Are ‘religion’ and ‘spirituality’ synonymous? In truth, no they’re not. Despite a common desire to conflate one with the other, religion and spirituality are quite distinct from each other. But how? What is the difference between religion and spirituality?
Religion vs spirituality – common ground
The best place to start when considering the difference between religion and spirituality is the places where both actually have a lot in common. This includes:
- The eye cannot perceive everything that is going on in the universe
- There is more to us than the physical body
- It is not possible to be truly fulfilled in life unless we start interacting with these more than merely physical elements of existence
But from this similar starting point, the two concepts begin to widely differ…
What is the difference between religion and spirituality?
Both religion and spirituality say then, that your relationship with the non-physical – what we might call the spirit or possibly the divine – is something of vital importance in your everyday life.
The most clearly defined answer to the difference between religious and spiritual thinking is the nature of your relationship with the divine:
A religion lays out a system of belief which defines the nature of your relationship with the spirit or the divine for you. Here are the teachings, the expected conduct and the rituals through which you can both express and promote your belief in the higher power which you worship. Having a set code of ethics to follow is also a feature of many religions.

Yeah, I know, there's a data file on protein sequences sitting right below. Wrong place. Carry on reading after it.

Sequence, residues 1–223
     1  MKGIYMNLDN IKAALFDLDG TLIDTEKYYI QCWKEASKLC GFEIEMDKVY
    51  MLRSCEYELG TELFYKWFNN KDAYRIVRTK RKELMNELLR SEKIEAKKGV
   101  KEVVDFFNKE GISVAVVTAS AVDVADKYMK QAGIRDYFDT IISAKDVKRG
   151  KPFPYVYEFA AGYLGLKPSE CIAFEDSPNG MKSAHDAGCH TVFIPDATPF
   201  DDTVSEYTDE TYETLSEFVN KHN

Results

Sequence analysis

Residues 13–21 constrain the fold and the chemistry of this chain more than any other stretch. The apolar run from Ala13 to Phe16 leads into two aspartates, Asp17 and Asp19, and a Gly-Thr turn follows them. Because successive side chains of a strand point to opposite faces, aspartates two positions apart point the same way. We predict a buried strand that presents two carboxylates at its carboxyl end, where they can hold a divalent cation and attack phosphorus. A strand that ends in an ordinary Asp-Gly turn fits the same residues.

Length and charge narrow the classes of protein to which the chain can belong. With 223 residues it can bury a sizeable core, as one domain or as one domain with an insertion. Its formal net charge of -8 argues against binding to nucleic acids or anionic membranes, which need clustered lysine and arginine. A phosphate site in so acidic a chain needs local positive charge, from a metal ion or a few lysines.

Coming at the definition from another angle, it could be said that any system of worship or belief is a religion.
Spirituality, on the other hand, emphasizes the idea that you as an individual have to experience the divine – or spirit, whatever you perceive this to be – and define the nature of your relationship with it.
Just like different religions, any given spiritual thinker may have completely different ideas as to what ‘spirit’ might be to them. As well as to how – or if – they choose to show reverence, to worship or simply appreciate it. In fact, spirituality tends to promote a certain experimentation and self-definition of what being a ‘spiritual person’ means to any given person.
Is something that’s spiritual necessarily religious too?
Not at all. For example, many people who visit the Spirit Vine retreat center view it as a spiritual experience. But there’s no religion involved. Others are religious and find their retreat a useful way to consider and explore their own beliefs. For yet others, their experience has nothing to do with what they think of as the spiritual, while still being on a very personal exploration of self.
Many people would say that they have a spiritual side, yet they do not follow any established religion. Strangely, it is also possible to identify people who claim to be religious, yet who do not seem particularly spiritual. Indeed there are many quite loud proponents of certain religions who seem to have inadvertently separated themselves from the spiritual aspect of their stated faith altogether.
Conversely, there are many people who are both religious and spiritual. They follow a religion because it speaks to them in a deeply personal and highly spiritual way. Or because it seems to them to be the way in which they can most clearly conceive the nature of their relationship with their higher power.
Religion vs spirituality is not necessarily a battle then. Nor are they, perhaps, mutually exclusive. But they are certainly not the same thing.